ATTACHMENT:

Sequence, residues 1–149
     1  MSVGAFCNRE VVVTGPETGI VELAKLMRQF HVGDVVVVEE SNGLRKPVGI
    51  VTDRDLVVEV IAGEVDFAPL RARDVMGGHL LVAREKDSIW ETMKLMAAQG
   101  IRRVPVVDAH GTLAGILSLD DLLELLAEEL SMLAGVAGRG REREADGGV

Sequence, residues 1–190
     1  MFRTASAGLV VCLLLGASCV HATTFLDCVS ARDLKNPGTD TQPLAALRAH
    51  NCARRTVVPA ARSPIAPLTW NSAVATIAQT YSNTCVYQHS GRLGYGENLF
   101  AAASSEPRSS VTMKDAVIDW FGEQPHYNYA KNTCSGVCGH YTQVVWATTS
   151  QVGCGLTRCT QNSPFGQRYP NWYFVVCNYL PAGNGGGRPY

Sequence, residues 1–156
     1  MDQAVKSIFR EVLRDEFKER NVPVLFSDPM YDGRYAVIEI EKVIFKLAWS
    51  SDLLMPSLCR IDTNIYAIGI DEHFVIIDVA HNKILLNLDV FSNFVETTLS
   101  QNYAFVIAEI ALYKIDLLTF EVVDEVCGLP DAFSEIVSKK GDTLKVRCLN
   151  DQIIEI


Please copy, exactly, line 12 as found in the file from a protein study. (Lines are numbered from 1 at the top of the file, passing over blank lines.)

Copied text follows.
    51  SDLLMPSLCR IDTNIYAIGI DEHFVIIDVA HNKILLNLDV FSNFVETTLS